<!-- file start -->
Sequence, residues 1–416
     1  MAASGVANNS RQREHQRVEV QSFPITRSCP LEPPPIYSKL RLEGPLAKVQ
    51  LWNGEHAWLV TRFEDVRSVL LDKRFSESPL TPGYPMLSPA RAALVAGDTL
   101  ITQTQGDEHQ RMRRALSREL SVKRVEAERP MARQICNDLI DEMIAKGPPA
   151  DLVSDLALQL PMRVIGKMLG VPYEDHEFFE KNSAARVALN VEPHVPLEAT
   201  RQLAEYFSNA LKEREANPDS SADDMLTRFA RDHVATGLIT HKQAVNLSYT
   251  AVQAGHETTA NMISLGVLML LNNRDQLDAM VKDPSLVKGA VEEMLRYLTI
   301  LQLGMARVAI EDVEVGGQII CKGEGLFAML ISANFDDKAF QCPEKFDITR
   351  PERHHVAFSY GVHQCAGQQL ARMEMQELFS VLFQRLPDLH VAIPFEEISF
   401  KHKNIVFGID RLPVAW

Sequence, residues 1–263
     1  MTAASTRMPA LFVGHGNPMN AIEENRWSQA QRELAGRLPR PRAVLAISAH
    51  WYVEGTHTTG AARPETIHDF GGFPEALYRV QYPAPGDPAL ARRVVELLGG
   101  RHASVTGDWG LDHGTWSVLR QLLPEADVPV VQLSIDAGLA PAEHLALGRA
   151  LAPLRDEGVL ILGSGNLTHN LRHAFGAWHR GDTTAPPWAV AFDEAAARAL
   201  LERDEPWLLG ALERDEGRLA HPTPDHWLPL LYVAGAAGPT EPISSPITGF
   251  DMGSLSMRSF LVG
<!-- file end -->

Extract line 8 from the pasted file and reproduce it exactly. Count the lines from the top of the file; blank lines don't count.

   301  LQLGMARVAI EDVEVGGQII CKGEGLFAML ISANFDDKAF QCPEKFDITR